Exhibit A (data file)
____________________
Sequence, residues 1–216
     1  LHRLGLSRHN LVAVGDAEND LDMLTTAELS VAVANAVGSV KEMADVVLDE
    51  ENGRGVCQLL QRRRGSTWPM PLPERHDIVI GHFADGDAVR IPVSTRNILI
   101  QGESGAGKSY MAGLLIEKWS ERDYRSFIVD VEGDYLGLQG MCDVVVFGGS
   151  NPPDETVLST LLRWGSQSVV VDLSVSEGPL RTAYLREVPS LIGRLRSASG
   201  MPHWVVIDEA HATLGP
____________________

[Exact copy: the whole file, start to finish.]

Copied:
Sequence, residues 1–216
     1  LHRLGLSRHN LVAVGDAEND LDMLTTAELS VAVANAVGSV KEMADVVLDE
    51  ENGRGVCQLL QRRRGSTWPM PLPERHDIVI GHFADGDAVR IPVSTRNILI
   101  QGESGAGKSY MAGLLIEKWS ERDYRSFIVD VEGDYLGLQG MCDVVVFGGS
   151  NPPDETVLST LLRWGSQSVV VDLSVSEGPL RTAYLREVPS LIGRLRSASG
   201  MPHWVVIDEA HATLGP